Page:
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He thought not of the deed he did,
But judged that toil might drink. He pass'd again : and lo! the well,
By summers never dried, Had coolid ten thousand parching tongues,
And saved a life beside!
A dreamer dropp'd a random thought,
'Twas old, and yet was new; A simple fancy of the brain,
But strong in being true;
And lo! its light became
A monitory flame.
A watch-fire on the hill ;
And cheers the valley still!
A nameless man amid a crowd
That throng'd the daily mart,
Unstudied from the heart ;
A transitory breath,
It saved a soul from death. -Mackay.
So, idle and dreaming ever,
It drifts to the great wide sea,
And it is a type of me.
Like a river, with the years,
To make me long for tears.
And I throw the hours away,
Is it holds no good, they say.
And nothing of good in me,
As it drifts to the unknown sea.
Were made to work for men,
To come not back again,
On its green and pleasant edge,
Past lily and reed and sedge, Then as it nears the ocean,
And is merged in the mighty flood, They would say of the little river,
'It has done the best it could.' I am tired of aimless drifting,
A leaf on the tide of time.
To deeds which, if not sublime,
To those I meet in the way.
Let me work as best I may ;
I sail o'er the great wide sea, Let ‘He did his best,' be spoken
By those who come after me.
2303. LITTLE THINGS : tests.
Little by little,' the tempter said, As a dark and cunning snare he spread
For the young, unwary feet.
Until the ruin made is complete.
*Little by little,' sure and slow,
As the present passes away.
'Little by little, and day by day.'
2305. LIVING TO CHRIST.
2304. LIVES. Aimless
The river goes drifting past me,
On toward the great wide sea, Dallying here with the lilies,
Woo'd by the wind and bee, And whispering there to the rushes
And reeds in the eddies' edge, Where the plover's nest is hidden,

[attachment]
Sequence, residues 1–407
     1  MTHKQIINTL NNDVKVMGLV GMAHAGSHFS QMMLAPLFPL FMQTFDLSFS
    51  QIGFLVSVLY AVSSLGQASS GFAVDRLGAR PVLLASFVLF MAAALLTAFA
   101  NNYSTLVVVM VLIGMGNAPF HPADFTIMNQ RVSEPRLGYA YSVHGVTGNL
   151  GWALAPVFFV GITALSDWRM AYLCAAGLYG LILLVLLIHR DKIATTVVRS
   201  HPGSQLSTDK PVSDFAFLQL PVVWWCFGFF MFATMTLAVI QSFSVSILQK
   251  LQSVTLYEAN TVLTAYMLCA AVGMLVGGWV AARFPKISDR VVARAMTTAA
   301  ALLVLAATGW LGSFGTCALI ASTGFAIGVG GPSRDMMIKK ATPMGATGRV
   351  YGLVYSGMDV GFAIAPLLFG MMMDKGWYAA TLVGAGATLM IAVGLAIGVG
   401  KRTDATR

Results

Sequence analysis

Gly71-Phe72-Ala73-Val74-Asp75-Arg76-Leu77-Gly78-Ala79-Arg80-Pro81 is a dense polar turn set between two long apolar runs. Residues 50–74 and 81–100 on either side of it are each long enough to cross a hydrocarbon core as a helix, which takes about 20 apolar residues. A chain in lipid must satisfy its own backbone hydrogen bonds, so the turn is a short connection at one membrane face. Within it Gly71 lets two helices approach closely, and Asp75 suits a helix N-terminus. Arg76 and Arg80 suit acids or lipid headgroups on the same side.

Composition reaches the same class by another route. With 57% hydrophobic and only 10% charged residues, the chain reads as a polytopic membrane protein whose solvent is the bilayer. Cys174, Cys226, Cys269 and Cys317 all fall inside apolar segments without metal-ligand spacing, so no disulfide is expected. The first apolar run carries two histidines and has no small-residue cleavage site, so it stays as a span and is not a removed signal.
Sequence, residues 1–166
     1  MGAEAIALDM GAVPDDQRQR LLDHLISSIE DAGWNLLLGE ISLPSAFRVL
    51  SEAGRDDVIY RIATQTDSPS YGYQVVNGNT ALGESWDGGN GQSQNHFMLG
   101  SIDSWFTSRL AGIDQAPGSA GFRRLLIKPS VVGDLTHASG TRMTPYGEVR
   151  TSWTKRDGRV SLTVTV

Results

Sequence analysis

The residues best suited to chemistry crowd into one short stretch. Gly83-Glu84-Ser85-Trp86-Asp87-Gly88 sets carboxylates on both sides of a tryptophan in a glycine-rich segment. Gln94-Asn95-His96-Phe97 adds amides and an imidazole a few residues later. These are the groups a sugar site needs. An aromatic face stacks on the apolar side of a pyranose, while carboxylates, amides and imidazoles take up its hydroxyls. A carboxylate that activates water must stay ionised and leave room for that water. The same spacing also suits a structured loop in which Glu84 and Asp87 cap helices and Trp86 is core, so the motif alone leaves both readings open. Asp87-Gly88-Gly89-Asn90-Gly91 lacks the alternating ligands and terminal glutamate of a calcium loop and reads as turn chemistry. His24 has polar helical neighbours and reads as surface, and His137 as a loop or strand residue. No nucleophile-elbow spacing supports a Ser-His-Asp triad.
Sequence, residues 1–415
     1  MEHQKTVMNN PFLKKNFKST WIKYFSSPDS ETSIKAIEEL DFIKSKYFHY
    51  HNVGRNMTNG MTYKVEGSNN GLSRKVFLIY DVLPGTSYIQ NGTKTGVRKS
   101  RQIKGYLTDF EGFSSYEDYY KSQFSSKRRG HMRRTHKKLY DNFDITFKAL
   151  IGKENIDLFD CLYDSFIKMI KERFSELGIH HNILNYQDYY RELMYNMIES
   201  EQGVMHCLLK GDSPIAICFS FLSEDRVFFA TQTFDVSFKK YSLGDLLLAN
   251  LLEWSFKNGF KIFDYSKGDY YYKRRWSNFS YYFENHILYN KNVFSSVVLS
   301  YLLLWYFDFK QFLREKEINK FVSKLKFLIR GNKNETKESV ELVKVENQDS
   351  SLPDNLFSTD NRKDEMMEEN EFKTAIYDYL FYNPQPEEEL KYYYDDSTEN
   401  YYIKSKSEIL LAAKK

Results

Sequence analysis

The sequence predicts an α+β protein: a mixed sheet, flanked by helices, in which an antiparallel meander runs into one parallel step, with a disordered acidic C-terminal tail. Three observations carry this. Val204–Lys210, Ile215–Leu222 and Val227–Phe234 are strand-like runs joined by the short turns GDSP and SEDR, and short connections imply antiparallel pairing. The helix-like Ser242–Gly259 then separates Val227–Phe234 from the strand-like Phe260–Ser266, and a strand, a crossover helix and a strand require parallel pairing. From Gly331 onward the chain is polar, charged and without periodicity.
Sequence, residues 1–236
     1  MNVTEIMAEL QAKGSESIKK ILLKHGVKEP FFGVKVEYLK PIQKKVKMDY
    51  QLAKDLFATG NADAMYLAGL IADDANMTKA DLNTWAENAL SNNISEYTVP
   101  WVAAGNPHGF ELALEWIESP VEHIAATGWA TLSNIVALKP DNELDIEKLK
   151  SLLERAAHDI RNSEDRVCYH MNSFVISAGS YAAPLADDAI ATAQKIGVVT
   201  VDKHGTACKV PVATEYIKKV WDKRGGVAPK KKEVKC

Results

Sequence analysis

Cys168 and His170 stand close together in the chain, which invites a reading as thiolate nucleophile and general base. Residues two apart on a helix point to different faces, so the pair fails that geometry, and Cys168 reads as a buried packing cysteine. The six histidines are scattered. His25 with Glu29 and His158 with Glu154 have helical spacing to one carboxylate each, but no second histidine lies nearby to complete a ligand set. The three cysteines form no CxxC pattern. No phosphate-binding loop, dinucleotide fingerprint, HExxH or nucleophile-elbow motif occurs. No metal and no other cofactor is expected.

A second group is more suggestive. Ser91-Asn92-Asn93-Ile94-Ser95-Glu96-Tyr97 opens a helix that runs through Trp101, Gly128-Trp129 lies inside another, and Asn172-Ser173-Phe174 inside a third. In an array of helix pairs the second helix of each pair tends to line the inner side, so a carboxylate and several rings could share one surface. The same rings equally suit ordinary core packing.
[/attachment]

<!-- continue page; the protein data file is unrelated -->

Deep in the cool green sedge.
We are the Lord's, whether we live or die;
We are the Lord's, who for us all hath died ; We are the Lord's, and heirs of the Most High ;
We are the Lord's, and shall the Lord's abide. We are the Lord's-to Him, then, let us live,
With soul and body, both with deeds and words, While heart, and tongue, and life assurance give
Of this most precious truth : we are the Lord's!
We are the Lord's-so shall our hearts ne'er fail,
For one bright star its steady light afluids,
To cheer and guide us through the gloomy vale, That they were dearer far than we had taught
Ourselves to think. We see that nothing less We are the Lord's, who will preserve us still,
Than hope of their return could cheer or bless
Our weary days. We wonder how, for aught When none beside Him help to us accords;
Or all of fault in them, we could find heed In death's last conflict we will fear no ill,
Or anger, with their loving presence near, Thy word abideth true : we are the Lord's.
Or wound them by the smallest word or deed. 2306. LIVING WATERS.
Dear absent love of mine, it did not need
Thy absence to tell me that thou wert dear, In some wild Eastern legend the story has been And yet the absence maketh it more clear. told,
Helen Hunt. Of a fair and wondrous fountain, that flow'd in times of old,
2308. LONELY. Comfort for the Cold and crystalline its waters, brightly glancing in | There is a land where beauty will not fade, the ray
Nor sorrow dim the eye ; Of the summer moon at midnight, or the sun at Where true hearts will not sink nor be dismay'd, height of day.
And love will never die. And a good angel, resting there, once in a favour'd
Tell me, I fain would go, hour
For I am burden'd with a heavy woe; Infused into the limpid depths a strange mysterious
The beautiful have left me all alone; power;
The true, the tender, from my path have gone, A hidden principle of life, to rise and gush again,
And I am weak and fainting with despair; Where but some drops were scatter'd on the dry and
| Where is it, tell me where ? barren plain.
Friend, thou must trust in Him who trod before So the traveller might journey, not now in fear and The desolate path of life; haste,
Must bear in meekness, as He meekly bore, Far through the mountain desert, far o'er the sandy